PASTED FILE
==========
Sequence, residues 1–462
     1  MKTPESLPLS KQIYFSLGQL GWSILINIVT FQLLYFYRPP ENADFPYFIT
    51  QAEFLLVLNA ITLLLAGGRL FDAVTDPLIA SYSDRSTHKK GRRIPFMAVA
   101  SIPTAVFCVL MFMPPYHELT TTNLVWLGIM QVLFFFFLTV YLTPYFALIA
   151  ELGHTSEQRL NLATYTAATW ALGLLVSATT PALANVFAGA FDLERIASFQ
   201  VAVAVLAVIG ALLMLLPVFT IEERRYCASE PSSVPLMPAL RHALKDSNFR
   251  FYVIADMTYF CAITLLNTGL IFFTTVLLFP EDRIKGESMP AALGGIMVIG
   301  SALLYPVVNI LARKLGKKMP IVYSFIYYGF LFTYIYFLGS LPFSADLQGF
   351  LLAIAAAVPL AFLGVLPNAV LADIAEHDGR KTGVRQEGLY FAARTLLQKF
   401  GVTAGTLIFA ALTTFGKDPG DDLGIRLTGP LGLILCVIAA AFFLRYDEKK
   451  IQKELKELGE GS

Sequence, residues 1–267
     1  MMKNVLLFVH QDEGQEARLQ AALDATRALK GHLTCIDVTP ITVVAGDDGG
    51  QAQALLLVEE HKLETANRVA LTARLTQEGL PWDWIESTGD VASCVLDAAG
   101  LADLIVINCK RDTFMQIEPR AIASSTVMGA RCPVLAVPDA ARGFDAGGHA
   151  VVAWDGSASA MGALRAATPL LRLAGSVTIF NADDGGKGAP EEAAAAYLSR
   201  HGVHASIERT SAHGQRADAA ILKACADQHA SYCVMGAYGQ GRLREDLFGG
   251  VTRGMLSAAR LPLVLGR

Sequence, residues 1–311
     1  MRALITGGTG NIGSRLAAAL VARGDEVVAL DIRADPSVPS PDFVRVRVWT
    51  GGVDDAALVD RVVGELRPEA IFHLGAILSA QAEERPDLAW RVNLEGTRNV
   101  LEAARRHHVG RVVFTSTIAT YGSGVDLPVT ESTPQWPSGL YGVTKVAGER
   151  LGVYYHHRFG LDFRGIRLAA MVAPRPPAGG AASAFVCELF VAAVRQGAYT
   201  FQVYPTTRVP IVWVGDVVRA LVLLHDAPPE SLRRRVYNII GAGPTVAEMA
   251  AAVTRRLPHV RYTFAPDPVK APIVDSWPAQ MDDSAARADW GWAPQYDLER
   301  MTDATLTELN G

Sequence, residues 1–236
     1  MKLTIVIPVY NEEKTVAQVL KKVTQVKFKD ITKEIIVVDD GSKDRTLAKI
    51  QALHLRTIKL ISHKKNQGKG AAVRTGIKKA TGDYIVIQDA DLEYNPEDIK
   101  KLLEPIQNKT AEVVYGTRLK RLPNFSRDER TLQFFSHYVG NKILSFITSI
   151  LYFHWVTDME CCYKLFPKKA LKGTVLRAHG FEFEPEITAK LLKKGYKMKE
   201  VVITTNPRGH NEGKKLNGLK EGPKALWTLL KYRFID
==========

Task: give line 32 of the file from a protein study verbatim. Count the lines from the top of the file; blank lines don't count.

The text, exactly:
   201  VVITTNPRGH NEGKKLNGLK EGPKALWTLL KYRFID